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I'm looking for cables holder Answered

I have cables for the computer lying on the floor.

I would like to hang them unevenly at the bottom of the table so that they will not disturb the legs.


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Reply 1 year ago

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la xerra
la xerra

1 year ago

does the table have a top resting on a frame? if so, and in case you dont want to drill any holes or otherwise ´damage´ the table: use some (slightly oversize) strips of wood or some thin plastic-tube etc and wedge them (under tension, like you would string a bow) inside the structure with whatever cables you want to run underneath (betw strip and table-top bottom).

Jack A Lopez
Jack A Lopez

1 year ago

There is a kind of fastener (from the family including: nail, staple, screw, bolt, etc.) usually called a "cable staple", which is intended for securing cables that carry power or signal, and you can find these at your local big box hardware store, usually in the aisle that sells wire, conduit, and other electrical stuff.

Also there are similar fasteners for attaching pipes and conduits, to walls and ceilings, and those are usually bigger sturdier, and found in the plumbing aisle.

Also there are people who just use ordinary staples, like from a staple gun, and I can point to one such staple enthusiast, since I noticed some pictures of her work just now, today, here:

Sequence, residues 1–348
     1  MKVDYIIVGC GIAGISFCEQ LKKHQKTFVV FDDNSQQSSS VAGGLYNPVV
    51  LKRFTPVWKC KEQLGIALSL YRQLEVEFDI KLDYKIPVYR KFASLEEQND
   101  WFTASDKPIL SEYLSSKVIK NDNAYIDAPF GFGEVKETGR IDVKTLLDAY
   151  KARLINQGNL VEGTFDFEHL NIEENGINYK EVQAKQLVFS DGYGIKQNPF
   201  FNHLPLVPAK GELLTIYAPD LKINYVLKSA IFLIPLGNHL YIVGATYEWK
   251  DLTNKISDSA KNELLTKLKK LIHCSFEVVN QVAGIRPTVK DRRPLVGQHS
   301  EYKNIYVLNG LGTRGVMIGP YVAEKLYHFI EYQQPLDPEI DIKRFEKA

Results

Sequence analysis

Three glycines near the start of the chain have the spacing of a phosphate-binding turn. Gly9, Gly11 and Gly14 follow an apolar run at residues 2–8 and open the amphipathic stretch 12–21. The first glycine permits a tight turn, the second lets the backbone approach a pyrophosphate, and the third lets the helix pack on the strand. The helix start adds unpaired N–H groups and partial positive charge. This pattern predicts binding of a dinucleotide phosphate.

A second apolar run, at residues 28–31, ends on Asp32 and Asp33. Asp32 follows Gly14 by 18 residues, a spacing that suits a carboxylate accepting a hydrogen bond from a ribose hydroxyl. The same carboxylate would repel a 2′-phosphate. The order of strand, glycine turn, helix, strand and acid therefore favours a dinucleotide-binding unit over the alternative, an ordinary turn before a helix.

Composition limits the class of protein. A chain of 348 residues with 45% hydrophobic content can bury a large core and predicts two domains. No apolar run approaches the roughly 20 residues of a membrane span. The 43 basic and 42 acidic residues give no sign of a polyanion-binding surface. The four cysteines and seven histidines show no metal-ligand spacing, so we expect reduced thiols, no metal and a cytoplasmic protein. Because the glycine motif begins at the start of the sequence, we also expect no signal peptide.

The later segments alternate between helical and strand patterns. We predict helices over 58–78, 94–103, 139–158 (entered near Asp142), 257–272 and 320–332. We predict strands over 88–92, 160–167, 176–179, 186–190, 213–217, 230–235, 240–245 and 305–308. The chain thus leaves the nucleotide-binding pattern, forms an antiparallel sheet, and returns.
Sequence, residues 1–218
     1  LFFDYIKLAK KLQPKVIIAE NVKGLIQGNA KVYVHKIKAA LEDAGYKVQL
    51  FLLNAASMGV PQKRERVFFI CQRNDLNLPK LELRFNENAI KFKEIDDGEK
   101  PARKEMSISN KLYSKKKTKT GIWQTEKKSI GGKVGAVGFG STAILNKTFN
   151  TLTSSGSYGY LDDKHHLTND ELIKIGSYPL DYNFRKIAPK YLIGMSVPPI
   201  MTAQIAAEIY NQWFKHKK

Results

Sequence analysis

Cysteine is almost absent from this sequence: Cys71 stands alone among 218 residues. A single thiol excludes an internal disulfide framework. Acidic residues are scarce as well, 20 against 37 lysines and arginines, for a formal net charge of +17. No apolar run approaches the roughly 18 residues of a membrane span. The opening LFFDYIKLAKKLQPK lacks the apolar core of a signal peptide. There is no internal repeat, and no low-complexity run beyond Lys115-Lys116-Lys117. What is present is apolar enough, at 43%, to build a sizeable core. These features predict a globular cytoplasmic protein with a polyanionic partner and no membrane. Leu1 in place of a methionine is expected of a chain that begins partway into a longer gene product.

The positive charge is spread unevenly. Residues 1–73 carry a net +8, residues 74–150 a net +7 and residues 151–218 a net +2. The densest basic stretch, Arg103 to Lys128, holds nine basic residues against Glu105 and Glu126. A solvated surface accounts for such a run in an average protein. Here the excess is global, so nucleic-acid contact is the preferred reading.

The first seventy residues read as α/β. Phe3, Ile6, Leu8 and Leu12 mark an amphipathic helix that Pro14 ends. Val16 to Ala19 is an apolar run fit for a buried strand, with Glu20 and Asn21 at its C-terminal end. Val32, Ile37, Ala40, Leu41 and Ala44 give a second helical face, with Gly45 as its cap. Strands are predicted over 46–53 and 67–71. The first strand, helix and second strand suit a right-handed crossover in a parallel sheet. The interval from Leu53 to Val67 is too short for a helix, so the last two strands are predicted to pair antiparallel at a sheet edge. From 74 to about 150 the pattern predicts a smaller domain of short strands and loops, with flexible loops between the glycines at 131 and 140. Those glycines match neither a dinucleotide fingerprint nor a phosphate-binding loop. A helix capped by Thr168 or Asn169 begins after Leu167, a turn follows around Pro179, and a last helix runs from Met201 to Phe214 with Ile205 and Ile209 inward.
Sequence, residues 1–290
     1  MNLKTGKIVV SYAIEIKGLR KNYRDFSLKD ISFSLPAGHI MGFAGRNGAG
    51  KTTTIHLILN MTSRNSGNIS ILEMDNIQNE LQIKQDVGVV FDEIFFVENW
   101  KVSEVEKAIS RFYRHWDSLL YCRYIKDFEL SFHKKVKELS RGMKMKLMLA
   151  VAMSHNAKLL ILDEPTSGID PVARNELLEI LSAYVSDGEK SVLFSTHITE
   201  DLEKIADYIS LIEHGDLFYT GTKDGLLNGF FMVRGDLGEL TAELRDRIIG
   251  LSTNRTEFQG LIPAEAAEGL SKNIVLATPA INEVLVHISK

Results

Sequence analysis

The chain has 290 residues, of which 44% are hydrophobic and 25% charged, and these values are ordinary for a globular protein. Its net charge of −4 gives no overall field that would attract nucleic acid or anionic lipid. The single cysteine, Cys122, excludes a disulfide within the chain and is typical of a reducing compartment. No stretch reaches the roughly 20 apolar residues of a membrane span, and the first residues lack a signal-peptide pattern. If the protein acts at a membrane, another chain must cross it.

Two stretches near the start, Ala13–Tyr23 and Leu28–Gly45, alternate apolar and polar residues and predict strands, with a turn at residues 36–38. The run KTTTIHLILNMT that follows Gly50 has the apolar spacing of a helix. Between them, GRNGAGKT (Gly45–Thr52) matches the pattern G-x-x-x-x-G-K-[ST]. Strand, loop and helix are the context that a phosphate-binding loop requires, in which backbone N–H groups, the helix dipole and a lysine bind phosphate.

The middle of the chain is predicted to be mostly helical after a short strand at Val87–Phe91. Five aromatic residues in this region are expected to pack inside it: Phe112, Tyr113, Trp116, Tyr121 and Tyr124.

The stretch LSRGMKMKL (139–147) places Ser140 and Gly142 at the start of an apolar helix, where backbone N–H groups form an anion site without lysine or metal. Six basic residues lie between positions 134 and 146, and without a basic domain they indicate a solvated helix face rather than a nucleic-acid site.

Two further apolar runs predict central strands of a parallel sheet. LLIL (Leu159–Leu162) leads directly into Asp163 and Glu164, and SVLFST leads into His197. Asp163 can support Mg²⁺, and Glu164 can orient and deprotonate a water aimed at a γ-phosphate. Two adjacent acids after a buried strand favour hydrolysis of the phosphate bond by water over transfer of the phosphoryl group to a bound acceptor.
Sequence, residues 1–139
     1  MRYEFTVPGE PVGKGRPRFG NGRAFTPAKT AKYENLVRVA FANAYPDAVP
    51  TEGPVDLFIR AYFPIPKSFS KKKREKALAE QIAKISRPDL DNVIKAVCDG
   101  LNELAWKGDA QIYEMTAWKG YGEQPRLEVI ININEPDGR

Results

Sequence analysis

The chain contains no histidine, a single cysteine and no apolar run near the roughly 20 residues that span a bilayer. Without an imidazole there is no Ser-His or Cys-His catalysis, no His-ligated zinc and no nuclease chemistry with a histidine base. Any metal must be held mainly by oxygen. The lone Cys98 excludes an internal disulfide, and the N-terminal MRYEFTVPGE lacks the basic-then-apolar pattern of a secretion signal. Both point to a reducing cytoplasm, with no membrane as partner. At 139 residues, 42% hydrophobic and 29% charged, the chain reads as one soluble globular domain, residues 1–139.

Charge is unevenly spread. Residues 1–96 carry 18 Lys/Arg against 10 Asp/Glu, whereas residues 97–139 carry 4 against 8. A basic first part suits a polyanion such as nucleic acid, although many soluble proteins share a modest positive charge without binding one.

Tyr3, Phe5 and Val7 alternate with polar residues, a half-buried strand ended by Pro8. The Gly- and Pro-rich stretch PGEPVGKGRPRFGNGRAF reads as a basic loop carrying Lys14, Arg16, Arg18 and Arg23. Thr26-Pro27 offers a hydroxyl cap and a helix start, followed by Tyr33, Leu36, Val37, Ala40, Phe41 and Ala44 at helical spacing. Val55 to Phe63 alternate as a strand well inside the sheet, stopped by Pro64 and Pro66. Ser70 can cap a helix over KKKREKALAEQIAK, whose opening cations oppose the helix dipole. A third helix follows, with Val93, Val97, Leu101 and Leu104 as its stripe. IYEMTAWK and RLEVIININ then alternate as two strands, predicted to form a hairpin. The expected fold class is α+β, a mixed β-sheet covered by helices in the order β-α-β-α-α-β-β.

I dislike the use of staples because it makes it hard to move, remove, or reuse, the cords later.

Although some people eschew reuse, and I guess for people with that philosophy, the plan is to throw away the cords, the desk, the computer, and maybe all the furniture in the room, and buy all new everything, whenever it is time to buy a new computer.

Or move to a new house or apartment, and just buy all new stuff.

In that case there is no need to remove the staples, or free the cords from the staples.

However, because I like the cables to be easy to remove, my approach is to use any kind of fastener, e.g. nail, staple, screw, etc., and then just attach a piece of solid copper wire (like 20 to 24 awg) to that, and use the wire as a kind of "twisty-tie", to hold the cable in place.

Some pictures of this are attached. The last two show my approach, essentially fastener plus twisty-tie.

This, what I call, "twisty-tie" is just a piece of wire. Sometimes bread is sold with these; i.e. in a plastic bag, with a wire twisty-tie to close the bag.